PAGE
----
Success is a widely popular theme in our twenty-first century. Media emphasize the value of success through the envy of sports stars, entertainment moguls and people who gather fans through seemingly mundane activities (YouTube can validate this).
But what exactly is success?
A bit of investigation will reveal a pattern of success not easily defined. For the golfer, success may be winning the tournament cup. For a director, it could mean capturing the ideal shot from the best angle. For a swimmer, success may be taking home the gold medal. It could also mean increasing stroke speed by .99999 seconds.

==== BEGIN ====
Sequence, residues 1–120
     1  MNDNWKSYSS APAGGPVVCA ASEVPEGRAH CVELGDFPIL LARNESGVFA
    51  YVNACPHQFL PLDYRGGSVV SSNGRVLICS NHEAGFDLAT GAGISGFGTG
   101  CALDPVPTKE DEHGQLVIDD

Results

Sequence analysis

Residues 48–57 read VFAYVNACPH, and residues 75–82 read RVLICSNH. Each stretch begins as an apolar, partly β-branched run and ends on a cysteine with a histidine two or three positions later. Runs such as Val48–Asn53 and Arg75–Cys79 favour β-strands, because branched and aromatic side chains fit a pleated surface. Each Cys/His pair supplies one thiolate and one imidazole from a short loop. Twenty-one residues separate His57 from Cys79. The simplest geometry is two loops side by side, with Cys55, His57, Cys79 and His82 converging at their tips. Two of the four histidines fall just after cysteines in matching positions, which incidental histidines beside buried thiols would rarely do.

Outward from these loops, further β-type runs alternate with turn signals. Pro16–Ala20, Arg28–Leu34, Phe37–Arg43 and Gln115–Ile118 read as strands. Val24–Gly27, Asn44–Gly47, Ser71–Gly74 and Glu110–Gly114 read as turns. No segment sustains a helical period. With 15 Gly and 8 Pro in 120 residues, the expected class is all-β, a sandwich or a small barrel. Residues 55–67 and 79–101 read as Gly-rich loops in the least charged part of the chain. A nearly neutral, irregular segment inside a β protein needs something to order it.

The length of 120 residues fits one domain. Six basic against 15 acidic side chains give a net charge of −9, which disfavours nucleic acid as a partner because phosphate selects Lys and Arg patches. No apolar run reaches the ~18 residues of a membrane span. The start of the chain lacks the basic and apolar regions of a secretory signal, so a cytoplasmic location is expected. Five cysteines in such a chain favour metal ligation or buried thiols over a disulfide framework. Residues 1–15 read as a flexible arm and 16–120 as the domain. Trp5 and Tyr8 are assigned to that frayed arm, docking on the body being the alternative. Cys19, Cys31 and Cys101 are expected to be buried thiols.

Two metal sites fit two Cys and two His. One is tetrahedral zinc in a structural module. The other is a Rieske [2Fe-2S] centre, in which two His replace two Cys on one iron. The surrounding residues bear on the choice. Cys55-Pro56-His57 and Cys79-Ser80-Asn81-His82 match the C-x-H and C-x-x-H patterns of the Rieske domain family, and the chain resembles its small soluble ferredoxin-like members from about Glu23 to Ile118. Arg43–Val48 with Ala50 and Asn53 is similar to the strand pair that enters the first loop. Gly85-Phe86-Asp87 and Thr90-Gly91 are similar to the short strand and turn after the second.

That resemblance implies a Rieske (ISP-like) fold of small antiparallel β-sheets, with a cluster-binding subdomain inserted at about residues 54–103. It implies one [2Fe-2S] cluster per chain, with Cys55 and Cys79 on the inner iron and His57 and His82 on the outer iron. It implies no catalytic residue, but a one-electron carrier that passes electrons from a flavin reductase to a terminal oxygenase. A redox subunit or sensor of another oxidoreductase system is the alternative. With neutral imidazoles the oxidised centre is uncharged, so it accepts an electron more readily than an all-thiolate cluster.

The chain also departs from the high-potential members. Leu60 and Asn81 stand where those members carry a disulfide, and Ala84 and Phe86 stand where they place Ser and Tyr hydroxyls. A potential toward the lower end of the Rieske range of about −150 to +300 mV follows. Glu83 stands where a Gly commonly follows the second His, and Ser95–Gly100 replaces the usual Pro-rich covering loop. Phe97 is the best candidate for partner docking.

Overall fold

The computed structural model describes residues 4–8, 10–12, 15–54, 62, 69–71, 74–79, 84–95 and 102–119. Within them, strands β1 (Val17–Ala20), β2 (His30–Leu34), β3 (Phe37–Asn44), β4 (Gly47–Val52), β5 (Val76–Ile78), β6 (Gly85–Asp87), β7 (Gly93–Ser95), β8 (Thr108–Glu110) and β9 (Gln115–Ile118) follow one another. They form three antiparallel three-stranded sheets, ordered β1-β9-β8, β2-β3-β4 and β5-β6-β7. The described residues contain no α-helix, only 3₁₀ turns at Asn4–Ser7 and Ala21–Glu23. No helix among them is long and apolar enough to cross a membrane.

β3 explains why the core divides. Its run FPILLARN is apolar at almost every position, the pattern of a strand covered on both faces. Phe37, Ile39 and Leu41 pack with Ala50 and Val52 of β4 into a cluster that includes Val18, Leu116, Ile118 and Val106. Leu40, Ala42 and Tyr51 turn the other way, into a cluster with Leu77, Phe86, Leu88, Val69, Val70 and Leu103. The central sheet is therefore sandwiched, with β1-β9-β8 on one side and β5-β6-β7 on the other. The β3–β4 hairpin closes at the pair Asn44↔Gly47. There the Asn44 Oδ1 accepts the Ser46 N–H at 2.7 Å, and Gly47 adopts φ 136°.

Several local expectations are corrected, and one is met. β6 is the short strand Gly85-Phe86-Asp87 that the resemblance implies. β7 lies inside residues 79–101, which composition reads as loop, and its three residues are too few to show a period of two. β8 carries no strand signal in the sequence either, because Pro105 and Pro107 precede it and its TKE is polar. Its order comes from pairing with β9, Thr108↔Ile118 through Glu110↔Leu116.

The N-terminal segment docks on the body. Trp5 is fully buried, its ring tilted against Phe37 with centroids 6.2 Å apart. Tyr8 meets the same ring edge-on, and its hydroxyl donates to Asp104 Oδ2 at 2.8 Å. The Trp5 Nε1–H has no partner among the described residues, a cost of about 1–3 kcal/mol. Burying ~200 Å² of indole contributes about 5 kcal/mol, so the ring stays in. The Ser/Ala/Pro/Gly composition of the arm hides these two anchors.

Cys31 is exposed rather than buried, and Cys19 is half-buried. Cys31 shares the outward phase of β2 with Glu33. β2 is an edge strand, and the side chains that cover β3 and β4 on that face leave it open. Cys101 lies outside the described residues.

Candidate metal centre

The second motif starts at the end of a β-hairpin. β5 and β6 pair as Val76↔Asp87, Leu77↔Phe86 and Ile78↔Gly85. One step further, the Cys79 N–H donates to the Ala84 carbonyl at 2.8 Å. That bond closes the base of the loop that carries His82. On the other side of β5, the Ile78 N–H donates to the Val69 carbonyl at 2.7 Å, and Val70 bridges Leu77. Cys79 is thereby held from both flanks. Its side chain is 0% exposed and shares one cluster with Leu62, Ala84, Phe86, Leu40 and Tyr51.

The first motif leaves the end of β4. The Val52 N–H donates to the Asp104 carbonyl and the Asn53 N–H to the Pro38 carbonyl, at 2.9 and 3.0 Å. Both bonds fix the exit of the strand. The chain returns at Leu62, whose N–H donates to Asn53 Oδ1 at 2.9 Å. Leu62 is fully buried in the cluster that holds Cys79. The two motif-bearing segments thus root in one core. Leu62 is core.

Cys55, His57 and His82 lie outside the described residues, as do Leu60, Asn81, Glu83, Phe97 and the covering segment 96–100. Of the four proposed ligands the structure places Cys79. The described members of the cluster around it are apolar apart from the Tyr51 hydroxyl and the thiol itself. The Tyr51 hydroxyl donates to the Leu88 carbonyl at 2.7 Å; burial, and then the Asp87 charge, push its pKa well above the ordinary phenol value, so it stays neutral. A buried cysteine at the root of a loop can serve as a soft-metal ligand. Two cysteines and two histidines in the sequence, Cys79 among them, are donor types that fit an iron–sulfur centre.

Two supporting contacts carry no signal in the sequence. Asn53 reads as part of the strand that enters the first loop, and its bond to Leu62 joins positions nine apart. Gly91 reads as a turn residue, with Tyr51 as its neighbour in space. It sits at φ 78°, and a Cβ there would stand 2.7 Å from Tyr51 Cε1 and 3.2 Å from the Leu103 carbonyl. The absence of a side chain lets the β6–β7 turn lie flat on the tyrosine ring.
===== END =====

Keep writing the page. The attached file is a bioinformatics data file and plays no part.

What this all means is success is relative. Someone being successful is determined by whatever the goal is, and by the people who acknowledge it. Success really is a mind game.
Take your job, for example. If you have weekly, monthly or annual accolades given to employees, it is because they met a certain level of expectation; these expectations had to be accepted by the “judges,” your management. Take management away, the expectation away and your perception of that goal as success away, and success disappears.
Since success is so fickle, I challenge you to think in terms of accomplishing rather than succeeding. When you set a goal and reach it, no matter how small, you accomplish. The habit of setting tasks and completing them one-by-one is to be accomplished. When you focus your energies on accomplishing tasks that lead to your main goal, you inevitably reach success.
This article was written by Trent A. Rhodes.